Why 2022 is not like the 2008 Financial Crisis

By Jonathan Cameron, CFP®

We have not seen a prolonged stock market decline like this since 2008! The year 2022 has been an awful year in markets. You don't have to go far for the media to remind you of this every hour on the hour. But this is not 2008, of course. Here's what you need to know now:

  • How is this time different?
  • How is it the same?
  • What can you expect now, in the second half of the 2022?  

Read on.

How is this time different? 

To that our answer is -- in almost every way. Let me explain:

The underlying cause of the 2008 Global Financial Crisis had to do with real estate. More specifically, it was a catastrophic mortgage crisis that cascaded to the rest of the financial system. Let's review what actually happened during this tumultuous period in markets:

In the 1990s, in a push to completely stamp out the practice of redlining (a terrible bank practice where inner-city families were once systematically denied mortgage applications and other loans) and to boost the housing market, lending institutions were strongly encouraged by the Federal Government to approve more loans in these under-served areas.  In fact, federal regulators publicly rated banks based on how well they greenlined neighborhoods. Quasi-governmental institutions Fannie Mae and Freddie Mac even told the banks that their agencies would securitize the sub-prime loans of borrowers who were less credit-worthy. In short, the banks and mortgage lenders had a federally-mandated incentive to lend much more freely. While it sounds nice on the surface, in practice we saw how this got millions of borrowers into deep trouble, while also dragging down the rest of the global economy. Watch The Big Short, if you haven't already.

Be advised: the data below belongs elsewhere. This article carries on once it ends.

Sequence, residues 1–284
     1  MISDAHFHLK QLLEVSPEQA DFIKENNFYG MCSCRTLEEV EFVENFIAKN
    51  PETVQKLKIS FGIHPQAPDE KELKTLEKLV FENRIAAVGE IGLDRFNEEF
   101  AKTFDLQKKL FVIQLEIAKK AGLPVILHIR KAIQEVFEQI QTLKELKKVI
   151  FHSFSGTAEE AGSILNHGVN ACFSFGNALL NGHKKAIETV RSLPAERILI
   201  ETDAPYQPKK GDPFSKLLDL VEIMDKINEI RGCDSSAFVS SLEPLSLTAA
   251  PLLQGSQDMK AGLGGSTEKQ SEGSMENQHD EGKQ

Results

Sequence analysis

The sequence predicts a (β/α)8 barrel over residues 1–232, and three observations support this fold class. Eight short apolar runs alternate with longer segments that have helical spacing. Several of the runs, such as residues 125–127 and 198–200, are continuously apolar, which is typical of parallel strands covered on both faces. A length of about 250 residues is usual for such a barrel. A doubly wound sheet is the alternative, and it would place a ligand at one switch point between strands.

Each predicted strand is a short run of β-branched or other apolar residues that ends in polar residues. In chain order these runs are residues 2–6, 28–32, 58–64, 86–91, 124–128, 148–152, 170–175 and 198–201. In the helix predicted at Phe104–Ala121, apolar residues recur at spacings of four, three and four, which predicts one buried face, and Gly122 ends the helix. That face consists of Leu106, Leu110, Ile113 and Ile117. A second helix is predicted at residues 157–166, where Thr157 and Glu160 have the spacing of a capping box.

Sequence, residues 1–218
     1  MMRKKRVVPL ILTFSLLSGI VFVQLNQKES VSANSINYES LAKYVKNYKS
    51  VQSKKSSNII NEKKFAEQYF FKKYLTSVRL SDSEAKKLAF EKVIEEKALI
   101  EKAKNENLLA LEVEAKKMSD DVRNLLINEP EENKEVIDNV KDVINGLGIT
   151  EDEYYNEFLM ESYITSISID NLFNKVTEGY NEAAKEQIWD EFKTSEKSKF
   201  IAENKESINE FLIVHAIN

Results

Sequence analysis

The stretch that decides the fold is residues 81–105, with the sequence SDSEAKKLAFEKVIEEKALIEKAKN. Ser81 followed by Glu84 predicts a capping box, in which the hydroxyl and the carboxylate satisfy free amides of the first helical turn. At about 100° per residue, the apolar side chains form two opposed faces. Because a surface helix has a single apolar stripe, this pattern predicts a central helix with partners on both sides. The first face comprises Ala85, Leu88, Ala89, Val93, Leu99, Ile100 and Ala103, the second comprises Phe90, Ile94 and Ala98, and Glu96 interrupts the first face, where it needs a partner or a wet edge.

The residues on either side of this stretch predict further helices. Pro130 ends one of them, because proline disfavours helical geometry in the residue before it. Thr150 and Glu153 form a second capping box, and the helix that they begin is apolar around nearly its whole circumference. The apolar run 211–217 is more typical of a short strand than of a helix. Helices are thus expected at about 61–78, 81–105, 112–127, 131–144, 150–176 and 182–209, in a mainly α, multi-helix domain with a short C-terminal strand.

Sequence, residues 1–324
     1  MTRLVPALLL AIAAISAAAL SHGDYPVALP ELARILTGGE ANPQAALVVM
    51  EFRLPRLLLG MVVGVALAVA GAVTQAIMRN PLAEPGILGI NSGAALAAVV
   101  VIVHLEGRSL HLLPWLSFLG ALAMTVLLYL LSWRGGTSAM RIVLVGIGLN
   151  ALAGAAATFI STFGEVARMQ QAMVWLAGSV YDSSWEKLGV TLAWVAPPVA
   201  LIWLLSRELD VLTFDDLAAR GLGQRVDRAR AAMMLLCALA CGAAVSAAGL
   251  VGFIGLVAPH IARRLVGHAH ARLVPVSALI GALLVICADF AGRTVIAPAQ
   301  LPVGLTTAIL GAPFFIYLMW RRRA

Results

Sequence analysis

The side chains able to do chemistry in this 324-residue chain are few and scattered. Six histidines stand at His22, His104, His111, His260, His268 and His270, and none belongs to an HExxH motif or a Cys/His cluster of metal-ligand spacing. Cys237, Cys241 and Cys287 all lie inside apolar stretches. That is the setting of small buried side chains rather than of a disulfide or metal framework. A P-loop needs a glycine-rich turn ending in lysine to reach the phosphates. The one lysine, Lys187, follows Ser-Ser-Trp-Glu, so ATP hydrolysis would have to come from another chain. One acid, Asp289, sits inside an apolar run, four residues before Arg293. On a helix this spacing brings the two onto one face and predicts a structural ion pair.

In 1999, the repeal of the Glass-Steagall Act of 1933 effectively allowed banks to invest bank deposits in derivatives.  Remember that word? Derivative -- an investment that derives its value or price from an underlying asset.  There is nothing wrong with derivatives -- the problem here was with a particular underlying asset -- sub-prime mortgages. Meanwhile, the major home builders were constructing homes as fast as they could to meet the historic consumer demand. Then the Fed started raising rates in 2004...

How is it the same?

Yes, interest rates rose then!  But this is where the similarity between 2022 and 2008 largely ends. In the mid-2000s, home builders got caught up in the real estate craze and way over-built. In hindsight, we can see that once the economy started to go in the wrong direction, we had way too much housing supply and not enough demand, driving prices down. Today, we have a massive demographic trend of Millennials starting families and wanting to buy. There are 72.2 million Millennials in the U.S. New home construction has not kept pace with demand. We still have demand, even if not at the fever pitch we saw the past two years. We are far from a position of having an oversupply of homes today. In fact, according to CNBC last summer, single-family home construction is running at its slowest pace since 1995. That pace has likely slowed further with interest rate hikes. 

Here's the deal -- home builders are not building! The demand is there, but supply chain issues, dramatic rises in the costs of materials (especially lumber!), and a widespread construction labor shortage are all contributing to the lack of supply. Now with inflation concerns and rising rates, the business case to build is now less compelling. For the big home builders, the sting of the Global Financial Crisis is still fresh -- they are proceeding with new housing starts, but more cautiously.